Doctors gave Chew Chor Meng 18 months to live. It has now been 12 years

By Juleen Shaw , 1 May 2020

She was a fresh-faced 20-year-old, with a forthright gaze and a generous smile.

He was a seasoned actor, already a recognised face on TV.

The epitome of the girl-next-door, she was a full-time student and part-time model, here at MediaCorp studios to earn some pocket money from a bit part in a local variety show.

He was the compere of the variety show, charming and comfortable in the spotlight.

Sounds like the beginnings of an 8 Days drama serial synopsis?

Married for 20 years now, Chor Meng and Deon first met at MediaCorp studios when he was a compere for a variety show that Deon had a small part in.

Deon Tan and Chew Chor Meng’s love story couldn’t have sprouted in a more appropriate place – at MediaCorp TV studios, launcher of a thousand stories.

“I found him to be caring, humble and genuine, someone who was easy to talk to.”

“I was in poly then and having my exams. So while the other models were talking and chit-chatting with the actors, I was this funny girl, sitting in a corner studying,” says Deon.

“Out of curiosity, he came over and asked, ‘Eh what are you doing?’ And that’s how our friendship started!

“Over the next three days together, I found him to be caring, humble and genuine, someone who was easy to talk to.”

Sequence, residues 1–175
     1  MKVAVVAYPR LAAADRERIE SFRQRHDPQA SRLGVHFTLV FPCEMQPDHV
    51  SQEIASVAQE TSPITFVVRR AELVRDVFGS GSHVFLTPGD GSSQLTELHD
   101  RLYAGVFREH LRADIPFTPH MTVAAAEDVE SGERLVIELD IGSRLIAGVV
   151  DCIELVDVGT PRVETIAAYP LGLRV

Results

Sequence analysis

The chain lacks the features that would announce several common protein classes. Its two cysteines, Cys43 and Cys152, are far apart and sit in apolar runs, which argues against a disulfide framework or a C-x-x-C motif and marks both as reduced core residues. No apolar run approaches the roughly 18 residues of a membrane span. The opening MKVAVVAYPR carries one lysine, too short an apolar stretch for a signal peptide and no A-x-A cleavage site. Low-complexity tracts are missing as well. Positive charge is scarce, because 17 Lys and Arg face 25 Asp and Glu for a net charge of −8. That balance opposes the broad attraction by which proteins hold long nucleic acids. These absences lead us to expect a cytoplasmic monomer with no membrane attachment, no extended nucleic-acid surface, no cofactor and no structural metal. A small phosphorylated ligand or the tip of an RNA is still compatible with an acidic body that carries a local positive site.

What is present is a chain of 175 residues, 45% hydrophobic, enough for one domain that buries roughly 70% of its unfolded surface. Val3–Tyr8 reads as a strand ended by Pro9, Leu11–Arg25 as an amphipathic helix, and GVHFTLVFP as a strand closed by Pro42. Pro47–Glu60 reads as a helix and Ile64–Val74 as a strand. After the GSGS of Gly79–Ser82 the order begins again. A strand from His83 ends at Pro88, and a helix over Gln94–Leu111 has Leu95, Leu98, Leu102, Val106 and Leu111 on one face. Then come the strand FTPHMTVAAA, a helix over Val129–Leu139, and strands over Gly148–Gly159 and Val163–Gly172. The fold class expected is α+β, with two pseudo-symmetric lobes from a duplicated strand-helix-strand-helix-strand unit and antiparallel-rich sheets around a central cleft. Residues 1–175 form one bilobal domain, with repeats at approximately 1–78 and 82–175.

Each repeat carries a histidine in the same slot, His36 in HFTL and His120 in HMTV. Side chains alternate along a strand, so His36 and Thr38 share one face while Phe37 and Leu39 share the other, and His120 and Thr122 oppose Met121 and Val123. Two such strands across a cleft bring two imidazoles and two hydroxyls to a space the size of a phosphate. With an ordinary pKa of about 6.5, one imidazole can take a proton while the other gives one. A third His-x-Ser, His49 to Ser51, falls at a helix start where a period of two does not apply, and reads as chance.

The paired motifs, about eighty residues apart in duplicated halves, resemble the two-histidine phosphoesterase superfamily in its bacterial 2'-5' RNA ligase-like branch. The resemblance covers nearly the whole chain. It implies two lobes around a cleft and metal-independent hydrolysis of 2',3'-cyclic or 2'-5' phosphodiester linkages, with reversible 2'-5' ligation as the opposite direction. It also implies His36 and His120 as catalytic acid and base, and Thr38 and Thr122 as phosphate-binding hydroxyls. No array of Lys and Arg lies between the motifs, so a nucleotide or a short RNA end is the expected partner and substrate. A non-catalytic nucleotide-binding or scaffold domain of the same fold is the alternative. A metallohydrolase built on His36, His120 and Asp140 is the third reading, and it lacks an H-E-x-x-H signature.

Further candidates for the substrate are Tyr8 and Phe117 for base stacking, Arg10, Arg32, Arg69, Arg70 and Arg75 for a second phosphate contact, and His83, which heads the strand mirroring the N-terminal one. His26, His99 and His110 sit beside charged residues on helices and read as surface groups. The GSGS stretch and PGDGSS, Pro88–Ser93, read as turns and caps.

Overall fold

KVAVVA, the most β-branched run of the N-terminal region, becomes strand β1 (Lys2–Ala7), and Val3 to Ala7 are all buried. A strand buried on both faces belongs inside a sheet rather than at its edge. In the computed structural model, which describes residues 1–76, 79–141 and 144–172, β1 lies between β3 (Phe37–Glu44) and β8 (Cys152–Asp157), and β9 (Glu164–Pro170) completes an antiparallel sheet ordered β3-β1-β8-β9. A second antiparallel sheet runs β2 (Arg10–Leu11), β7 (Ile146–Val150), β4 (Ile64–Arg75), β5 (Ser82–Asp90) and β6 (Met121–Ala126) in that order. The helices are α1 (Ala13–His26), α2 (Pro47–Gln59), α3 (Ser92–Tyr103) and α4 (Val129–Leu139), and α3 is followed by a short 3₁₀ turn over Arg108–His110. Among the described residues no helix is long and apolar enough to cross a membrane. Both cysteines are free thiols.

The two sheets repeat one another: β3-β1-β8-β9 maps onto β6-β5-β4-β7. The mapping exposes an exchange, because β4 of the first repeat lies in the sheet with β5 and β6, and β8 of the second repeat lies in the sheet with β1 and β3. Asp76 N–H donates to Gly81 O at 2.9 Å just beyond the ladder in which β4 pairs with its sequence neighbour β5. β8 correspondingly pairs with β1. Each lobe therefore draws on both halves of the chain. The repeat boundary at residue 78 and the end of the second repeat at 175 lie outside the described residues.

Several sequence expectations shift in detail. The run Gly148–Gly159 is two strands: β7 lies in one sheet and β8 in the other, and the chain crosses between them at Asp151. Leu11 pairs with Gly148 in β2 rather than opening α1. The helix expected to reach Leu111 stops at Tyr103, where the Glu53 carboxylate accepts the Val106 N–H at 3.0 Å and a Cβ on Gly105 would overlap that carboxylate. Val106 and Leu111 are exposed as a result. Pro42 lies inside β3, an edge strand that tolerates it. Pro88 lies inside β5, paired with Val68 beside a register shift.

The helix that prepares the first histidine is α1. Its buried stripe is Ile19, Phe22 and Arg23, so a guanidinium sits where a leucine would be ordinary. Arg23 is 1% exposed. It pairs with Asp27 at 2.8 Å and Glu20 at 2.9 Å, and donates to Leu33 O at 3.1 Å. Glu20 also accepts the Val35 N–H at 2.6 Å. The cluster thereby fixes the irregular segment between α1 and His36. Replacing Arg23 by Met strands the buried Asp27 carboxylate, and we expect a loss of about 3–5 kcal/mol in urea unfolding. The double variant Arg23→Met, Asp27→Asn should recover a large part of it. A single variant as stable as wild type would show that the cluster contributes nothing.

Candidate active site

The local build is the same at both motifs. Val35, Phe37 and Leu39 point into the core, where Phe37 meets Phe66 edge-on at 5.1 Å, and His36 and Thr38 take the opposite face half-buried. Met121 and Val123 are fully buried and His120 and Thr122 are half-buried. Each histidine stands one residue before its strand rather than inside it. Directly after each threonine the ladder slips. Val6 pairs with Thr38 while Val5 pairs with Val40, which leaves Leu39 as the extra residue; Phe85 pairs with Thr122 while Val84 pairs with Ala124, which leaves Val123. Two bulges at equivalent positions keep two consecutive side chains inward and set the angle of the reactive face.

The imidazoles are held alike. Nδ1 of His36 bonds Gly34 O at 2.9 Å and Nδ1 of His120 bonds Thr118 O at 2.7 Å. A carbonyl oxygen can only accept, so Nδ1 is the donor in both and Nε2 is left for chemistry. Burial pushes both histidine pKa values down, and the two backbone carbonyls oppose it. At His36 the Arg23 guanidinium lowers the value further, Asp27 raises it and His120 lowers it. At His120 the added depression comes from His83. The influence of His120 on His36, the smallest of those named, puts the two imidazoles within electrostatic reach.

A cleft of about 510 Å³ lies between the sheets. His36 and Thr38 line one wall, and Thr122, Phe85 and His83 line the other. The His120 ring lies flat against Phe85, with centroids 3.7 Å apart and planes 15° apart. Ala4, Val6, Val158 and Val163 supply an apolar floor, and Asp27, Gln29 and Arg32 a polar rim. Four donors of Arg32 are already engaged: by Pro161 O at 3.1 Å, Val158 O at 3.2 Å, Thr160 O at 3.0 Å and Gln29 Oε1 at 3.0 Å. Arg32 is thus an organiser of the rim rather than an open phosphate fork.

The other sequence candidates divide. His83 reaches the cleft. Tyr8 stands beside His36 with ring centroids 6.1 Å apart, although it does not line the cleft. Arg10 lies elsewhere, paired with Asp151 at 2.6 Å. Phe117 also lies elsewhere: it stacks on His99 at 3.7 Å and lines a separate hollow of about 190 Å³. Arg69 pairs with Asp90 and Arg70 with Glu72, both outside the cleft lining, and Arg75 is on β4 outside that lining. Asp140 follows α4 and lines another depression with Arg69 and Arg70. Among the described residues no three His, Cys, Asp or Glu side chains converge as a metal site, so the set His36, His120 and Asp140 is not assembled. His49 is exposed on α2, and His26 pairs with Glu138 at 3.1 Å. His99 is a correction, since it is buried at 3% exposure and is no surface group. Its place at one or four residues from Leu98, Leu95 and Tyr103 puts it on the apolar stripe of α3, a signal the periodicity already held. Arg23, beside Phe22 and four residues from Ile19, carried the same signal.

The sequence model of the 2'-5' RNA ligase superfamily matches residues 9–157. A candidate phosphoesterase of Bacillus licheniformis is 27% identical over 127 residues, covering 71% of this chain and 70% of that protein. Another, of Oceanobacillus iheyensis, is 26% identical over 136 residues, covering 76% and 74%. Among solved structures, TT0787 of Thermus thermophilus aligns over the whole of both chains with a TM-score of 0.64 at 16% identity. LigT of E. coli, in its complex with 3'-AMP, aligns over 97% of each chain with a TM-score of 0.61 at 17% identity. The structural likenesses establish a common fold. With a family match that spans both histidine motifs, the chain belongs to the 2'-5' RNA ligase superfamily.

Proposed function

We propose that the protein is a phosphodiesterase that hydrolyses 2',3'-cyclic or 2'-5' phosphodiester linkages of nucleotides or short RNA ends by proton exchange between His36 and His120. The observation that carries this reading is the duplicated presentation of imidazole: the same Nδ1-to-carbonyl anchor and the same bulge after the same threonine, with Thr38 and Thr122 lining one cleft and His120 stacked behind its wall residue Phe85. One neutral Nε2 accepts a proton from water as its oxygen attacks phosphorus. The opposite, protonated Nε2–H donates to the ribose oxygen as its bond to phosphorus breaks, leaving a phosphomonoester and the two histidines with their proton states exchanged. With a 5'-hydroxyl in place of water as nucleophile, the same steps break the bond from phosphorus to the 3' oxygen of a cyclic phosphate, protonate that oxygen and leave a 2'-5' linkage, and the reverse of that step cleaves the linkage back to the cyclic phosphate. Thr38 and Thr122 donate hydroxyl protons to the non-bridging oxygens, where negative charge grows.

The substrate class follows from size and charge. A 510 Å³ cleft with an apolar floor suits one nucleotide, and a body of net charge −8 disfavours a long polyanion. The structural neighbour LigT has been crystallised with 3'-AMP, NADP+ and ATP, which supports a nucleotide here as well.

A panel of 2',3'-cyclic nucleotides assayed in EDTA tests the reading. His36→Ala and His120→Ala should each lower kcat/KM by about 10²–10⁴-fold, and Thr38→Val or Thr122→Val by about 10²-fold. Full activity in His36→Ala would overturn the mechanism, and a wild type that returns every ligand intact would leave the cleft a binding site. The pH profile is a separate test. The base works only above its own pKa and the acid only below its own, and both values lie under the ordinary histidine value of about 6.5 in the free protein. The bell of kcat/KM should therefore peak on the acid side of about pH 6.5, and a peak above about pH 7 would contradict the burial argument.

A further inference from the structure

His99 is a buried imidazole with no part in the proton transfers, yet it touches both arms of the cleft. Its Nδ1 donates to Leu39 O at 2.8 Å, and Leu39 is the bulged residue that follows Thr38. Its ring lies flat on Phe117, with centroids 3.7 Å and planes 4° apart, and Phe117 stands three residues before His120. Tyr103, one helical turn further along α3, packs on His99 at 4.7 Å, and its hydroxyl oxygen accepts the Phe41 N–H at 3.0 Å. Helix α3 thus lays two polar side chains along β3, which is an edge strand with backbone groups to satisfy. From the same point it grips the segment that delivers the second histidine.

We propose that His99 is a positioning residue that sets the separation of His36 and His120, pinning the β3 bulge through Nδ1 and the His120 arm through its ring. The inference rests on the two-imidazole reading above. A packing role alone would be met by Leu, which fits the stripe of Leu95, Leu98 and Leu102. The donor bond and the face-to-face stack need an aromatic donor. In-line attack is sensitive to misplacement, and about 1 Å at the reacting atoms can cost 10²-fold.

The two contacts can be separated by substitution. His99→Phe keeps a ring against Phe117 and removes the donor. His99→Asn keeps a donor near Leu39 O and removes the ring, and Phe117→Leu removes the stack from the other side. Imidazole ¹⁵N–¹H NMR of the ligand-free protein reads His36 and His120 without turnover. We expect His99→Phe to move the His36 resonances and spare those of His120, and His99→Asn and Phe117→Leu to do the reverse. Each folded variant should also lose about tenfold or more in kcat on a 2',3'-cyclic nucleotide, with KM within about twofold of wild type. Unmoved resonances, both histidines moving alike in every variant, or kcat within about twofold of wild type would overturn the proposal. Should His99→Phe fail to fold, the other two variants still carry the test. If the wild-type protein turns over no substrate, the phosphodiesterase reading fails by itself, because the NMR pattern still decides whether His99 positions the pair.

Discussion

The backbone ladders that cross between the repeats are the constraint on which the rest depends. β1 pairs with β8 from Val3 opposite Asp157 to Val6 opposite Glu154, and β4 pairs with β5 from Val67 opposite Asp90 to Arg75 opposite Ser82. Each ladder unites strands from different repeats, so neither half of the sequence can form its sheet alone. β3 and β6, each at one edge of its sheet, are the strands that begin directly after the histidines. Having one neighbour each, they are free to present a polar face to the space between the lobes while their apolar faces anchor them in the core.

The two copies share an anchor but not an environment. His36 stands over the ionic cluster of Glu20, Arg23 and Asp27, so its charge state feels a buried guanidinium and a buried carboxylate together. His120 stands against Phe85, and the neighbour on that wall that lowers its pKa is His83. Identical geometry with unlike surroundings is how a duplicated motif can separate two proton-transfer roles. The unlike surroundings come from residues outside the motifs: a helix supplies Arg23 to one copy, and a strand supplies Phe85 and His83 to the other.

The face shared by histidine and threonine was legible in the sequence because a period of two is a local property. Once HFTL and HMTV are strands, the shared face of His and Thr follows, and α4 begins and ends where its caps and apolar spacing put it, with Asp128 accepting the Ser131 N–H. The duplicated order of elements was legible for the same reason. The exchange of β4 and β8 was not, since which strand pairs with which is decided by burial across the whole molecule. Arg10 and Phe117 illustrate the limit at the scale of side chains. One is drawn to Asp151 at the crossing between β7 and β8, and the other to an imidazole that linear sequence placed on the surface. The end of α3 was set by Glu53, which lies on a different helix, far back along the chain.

Deon and Chor Meng married after 5 years of dating.

Growing up fatherless

Neither Deon, 44, nor Chor Meng, 51, had had an easy childhood.

Chor Meng’s father was an abusive alcoholic. When Chor Meng was in primary school, his father committed suicide.

The family was struggling so much that a loan shark who came knocking at their door took pity on them and gave them money instead.

Deon’s father was a drug abuser, in and out of prison. He was constantly in debt to support his addictions. Her parents divorced early.

As a result her single mother had three young daughters to raise. The family was struggling so much that a loan shark who came knocking at their door took pity on them and gave them money instead.

“My mother had to put food on the table and had no time to nurture us, or teach us right from wrong,” Deon says.

Things might have gone badly.

But at the age of 10, her 17-year-old sister took her to Hinghwa Methodist Church.

“I grew up in the church,” she says. “There was free food, games, friends, I loved to sing and I joined the choir. After school every day, the children would hang out in the church, playing hide-and-seek. We had a youth mentor who kept an eye on us.

“Many of the youth in the church came from single-parent families. The senior pastor, Reverend Ding Bing Hoe ( 陈平和牧师), was like a father figure to us, making sure we had food and applying for bursaries for us so that we could stay in school.”

A wife’s dearest wish

Chor Meng, who was raised in another religion, was deadset against Christianity for many years.

And then the unexpected happened.

“I was working in a bank then and had to go to UK for a business trip,” says Deon. “Chor Meng was left with our two young daughters. The first night I was away, my older daughter started getting a pain in her jaw. Then my younger daughter started throwing up continuously. The doctor couldn’t find anything wrong with them.